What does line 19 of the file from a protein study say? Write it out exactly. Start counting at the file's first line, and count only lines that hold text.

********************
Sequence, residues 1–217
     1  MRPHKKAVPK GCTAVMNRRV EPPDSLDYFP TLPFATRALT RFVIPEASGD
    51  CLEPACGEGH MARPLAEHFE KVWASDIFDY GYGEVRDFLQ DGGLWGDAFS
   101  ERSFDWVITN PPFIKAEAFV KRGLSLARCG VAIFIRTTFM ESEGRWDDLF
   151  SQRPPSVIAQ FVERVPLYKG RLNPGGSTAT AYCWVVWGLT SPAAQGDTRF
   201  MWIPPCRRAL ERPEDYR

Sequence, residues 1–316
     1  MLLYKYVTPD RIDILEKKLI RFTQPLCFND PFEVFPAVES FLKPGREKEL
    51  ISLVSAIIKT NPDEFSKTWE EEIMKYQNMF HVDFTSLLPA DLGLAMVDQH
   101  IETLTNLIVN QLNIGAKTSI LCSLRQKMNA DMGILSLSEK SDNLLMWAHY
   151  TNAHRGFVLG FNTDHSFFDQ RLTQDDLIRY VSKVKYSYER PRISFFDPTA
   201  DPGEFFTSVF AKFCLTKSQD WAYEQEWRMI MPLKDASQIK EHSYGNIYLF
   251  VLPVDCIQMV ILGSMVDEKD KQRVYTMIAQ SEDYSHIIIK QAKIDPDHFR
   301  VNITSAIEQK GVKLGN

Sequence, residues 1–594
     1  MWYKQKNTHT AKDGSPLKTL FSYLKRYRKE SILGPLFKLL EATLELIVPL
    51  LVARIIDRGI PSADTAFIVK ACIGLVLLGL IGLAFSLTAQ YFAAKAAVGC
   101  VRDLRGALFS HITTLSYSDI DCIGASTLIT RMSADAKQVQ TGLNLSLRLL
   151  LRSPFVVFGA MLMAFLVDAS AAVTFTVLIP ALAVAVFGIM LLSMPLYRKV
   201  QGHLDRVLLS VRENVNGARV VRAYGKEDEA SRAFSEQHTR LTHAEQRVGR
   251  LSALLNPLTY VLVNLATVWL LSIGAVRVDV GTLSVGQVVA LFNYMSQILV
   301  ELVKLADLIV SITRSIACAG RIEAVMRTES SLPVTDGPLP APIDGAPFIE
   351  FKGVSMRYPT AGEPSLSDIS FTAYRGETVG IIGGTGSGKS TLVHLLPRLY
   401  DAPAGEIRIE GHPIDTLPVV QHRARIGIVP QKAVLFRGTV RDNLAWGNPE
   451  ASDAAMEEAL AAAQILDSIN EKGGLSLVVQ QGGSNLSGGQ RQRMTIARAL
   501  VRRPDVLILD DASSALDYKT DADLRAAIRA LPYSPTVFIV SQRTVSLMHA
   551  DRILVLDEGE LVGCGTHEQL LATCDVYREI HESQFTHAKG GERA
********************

   151  LRSPFVVFGA MLMAFLVDAS AAVTFTVLIP ALAVAVFGIM LLSMPLYRKV